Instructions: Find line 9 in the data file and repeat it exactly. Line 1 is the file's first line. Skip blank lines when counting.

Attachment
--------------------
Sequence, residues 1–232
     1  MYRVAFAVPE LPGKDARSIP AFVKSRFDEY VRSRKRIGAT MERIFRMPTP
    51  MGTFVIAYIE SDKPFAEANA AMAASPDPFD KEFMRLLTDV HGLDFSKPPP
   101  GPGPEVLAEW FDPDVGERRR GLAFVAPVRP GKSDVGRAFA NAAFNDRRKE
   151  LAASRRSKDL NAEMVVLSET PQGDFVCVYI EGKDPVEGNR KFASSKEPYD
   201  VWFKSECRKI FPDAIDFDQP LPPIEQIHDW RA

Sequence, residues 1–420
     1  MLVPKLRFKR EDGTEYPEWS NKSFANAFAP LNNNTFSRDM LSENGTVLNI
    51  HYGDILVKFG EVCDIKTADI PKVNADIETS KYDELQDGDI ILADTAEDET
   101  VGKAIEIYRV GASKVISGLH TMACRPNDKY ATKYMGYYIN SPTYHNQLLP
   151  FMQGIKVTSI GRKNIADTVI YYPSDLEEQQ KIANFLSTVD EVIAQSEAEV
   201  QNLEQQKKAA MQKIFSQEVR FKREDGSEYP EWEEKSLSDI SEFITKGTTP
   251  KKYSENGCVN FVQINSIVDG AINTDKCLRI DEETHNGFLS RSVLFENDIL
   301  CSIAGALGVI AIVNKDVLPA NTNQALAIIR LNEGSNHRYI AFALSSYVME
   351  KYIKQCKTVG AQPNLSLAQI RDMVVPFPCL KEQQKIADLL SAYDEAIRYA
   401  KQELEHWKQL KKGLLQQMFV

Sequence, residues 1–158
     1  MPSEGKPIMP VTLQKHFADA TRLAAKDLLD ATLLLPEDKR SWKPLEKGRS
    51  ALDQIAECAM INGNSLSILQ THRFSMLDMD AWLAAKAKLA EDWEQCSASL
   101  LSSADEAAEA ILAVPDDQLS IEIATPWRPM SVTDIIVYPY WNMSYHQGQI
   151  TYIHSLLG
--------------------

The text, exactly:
    51  HYGDILVKFG EVCDIKTADI PKVNADIETS KYDELQDGDI ILADTAEDET